Nuclear transition: where do we stand?

Should we reinvest in the nuclear industry or capitalize on new renewable energies? As several nuclear power plants reach the end of their lives, the debate is more topical than ever for the French government. However, like the delay on the Flamanville ERP, the decision on the future of nuclear power in France is still very unclear…

Nuclear transition: where do we stand?
The Saint-Laurent-des-Eaux power plant in the Loir-et-Cher region operates with two 900 MW reactors © EDF

In search of a coherent energy strategy?

As the third largest French industry in terms of jobs and know-how, the nuclear sector represents an activity with high strategic stakes, producing energy at a competitive cost and without CO2 emissions.  Behind the United States, France is the second country in the world in terms of nuclear power, with more than 58 reactors on its territory.

So it is not so easy to write off this sector despite the controversies it has provoked… So much so that the report on maintaining skills, unveiled a few days ago in the media, recommends the construction of six new EPRs from 2025.   

Under the control of the ASN (French nuclear safety authority), the major nuclear players are trying to ensure their backsides through renovation and modernization processes aimed at increasing the safety and operating time of the plants. Also, investments in numerous research projects are being released, with the hope of finding the “nuclear energy of the future” and new technologies that will allow to reconcile economy and ecology.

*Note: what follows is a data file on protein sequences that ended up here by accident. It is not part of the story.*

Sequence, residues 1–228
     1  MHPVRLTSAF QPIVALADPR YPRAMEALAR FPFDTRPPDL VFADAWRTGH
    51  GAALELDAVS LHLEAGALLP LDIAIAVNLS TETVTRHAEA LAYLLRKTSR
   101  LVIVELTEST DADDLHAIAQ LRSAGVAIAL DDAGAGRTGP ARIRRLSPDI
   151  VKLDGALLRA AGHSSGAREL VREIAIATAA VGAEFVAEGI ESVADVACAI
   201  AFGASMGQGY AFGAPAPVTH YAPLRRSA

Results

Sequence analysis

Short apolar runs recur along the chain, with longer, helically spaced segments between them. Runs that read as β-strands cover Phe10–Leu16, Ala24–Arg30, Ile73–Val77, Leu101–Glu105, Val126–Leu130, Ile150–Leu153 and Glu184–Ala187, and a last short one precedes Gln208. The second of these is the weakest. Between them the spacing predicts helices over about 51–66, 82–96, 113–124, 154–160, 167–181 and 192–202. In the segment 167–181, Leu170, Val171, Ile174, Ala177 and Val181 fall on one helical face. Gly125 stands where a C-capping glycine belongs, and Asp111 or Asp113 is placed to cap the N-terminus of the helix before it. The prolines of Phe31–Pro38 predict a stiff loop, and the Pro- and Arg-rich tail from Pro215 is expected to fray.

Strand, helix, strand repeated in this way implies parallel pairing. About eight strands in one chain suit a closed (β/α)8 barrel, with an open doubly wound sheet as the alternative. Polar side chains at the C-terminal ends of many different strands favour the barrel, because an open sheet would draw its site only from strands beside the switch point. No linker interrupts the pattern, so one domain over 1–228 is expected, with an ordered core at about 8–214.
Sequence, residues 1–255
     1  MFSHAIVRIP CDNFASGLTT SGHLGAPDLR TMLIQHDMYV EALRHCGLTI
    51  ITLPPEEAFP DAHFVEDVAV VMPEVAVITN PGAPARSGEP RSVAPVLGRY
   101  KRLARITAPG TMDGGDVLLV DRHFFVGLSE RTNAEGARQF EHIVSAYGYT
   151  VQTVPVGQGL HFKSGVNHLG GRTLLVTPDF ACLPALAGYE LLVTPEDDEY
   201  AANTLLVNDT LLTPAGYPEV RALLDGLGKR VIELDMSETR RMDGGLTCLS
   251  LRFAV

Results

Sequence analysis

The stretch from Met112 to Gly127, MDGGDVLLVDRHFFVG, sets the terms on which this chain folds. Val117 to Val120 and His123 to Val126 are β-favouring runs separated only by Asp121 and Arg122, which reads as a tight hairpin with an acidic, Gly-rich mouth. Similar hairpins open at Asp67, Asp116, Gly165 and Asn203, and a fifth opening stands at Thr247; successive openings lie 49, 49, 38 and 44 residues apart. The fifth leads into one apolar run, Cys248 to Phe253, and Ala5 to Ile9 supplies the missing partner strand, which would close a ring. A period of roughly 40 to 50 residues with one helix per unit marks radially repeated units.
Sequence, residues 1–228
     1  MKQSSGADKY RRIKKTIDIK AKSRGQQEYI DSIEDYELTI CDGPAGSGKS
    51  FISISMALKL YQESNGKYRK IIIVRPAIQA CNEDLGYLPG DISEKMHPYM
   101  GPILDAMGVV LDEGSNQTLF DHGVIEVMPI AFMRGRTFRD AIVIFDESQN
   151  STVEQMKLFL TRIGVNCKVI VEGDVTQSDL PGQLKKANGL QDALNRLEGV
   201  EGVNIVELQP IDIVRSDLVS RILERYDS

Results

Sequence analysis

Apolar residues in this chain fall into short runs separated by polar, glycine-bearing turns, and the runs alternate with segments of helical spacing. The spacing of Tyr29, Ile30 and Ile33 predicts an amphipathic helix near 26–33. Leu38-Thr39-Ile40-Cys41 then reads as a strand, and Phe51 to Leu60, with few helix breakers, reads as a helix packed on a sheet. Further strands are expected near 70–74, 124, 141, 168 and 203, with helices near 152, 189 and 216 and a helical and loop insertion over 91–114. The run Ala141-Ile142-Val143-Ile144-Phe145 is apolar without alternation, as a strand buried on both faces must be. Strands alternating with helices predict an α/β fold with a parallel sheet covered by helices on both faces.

Nuclear waste treatment: the public debate is open

However, the question of future investments does not preclude the question of dismantling nuclear power plants that have reached the end of their life. Corrosion, cracking, mechanical wear and tear… the ageing of power plants, some of which were built more than 40 years ago, leaves a lot of used and radioactive materials. In France, these materials represented a total stock of 1,540,000m3 in 2016, divided into 5 categories according to their degree of radioactivity and their degradability time.

This growing volume is forcing the players to revise their nuclear waste treatment policy. Cigéo, a deep geological disposal project in Bure (Meuse), is for the moment “the least bad solution” chosen by France for highly radioactive and long-lived waste.

Starting this fall, the national plan for the management of materials and waste will be the subject of a public debate for the first time in order to involve citizens in the energy options available to France.

How does FILAB support nuclear industry players in the energy transition?

As an independent French laboratory, FILAB has a wide range of technical capabilities that enable it to intervene with reliability and integrity in issues related to the nuclear sector. Whether for routine testing or for support of R&D projects, suppliers, manufacturers or authorities call on us to validate the conformity of products used in nuclear power plants.

With an analytical platform of 2100m², we also provide the following services

FILAB is approved by EDF to perform the analyses required for PMUC certification. FILAB has been approved for many years for chemical analyses of halogens and sulfur, and its approval has been extended to specific analyses of products in the 021 family (ion exchange resins and conditioning products).

As a member of Nuclear Valley, a competitiveness cluster dedicated to the civil nuclear industry, FILAB contributes its expertise in metal alloy characterization to the COMCEPT collaborative project.

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